News & Information for Technology Purchasers NewsFactor Sites:     Enterprise Security Today     CRM Daily     Business Report     Sci-Tech Today  
Home Enterprise I.T. Cloud Computing Applications Hardware More Topics...
Tame your scariest paperwork. Find Out How
Average Rating:
Rate this article:  
Analyst: Free iPhone 3GS Could  Spell Trouble for Rivals
Analyst: Free iPhone 3GS Could Spell Trouble for Rivals

By Jennifer LeClaire
October 5, 2011 11:22AM

    Bookmark and Share
"There is an entire group of people who have not been willing to get a smartphone, not because of the monthly outlay -- although there are a group of people who can't afford that -- but because they simply don't like spending money on phones," said analyst Avi Greengart. "They actually think they should get a free one."

Related Topics


Apple introduced the iPhone 4S yesterday. Although some industry watchers are expressing disappointment that it wasn't the much-hyped iPhone 5, others are pointing to what they see as the buried story: the broad range of price points.

With a two-year contract with AT&T, Verizon Wireless or Sprint, the iPhone 4S starts at $199 for the 16GB model and $299 for the 32GB model in the U.S. -- and even adds the new 64GB model for $399 for heavy media users.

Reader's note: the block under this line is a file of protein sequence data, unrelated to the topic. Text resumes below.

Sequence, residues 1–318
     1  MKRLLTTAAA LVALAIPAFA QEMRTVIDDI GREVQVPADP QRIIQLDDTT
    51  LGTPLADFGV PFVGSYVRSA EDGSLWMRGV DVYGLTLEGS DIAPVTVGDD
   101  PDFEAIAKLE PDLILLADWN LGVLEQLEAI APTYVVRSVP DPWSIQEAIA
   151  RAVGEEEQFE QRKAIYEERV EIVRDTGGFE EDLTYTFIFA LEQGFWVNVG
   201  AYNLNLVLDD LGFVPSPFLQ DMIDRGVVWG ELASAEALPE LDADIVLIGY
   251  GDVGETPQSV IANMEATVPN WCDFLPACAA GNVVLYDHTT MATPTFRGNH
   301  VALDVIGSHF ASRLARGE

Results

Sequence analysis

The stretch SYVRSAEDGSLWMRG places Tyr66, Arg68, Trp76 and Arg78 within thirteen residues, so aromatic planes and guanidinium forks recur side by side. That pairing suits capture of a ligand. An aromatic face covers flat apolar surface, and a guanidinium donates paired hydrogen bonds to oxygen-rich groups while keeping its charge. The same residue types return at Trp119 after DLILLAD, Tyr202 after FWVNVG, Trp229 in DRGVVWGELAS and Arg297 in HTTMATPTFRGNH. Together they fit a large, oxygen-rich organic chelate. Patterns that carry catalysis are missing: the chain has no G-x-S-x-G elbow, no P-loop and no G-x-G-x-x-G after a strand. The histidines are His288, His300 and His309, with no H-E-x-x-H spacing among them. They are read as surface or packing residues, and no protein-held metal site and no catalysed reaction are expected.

But Apple didn't remove its old inventory from the market. In fact, apple heavily discounted it. Now, the iPhone 4 is selling for just $99 and iPhone 3GS will be available for free with a two-year contract. The keyword here is free -- and analysts expect that to help Apple compete with other handset makers, including Android devices.

Tapping Pent-Up Demand

"Apple dramatically expanded the price points that the iPhone is available at and the distribution," said Avi Greengart, an analyst at Current Analysis. "The key competitive takeaway that I got is this: If your free phone isn't better than the iPhone 3GS, you are in trouble. If you are at pretty much any carrier, if your $99 mid-tier phone isn't better than the iPhone 4, you are in trouble."

T-Mobile appears to have the most to lose from the deal in the U.S., since it doesn't carry the iPhone. But wireless carriers that carry the iPhone in other countries are fewer and farther between. So the expanded price points are not only good for Apple, but for the carriers that offer the devices around the world who can now tap into the pent-up demand for a more affordable iPhone.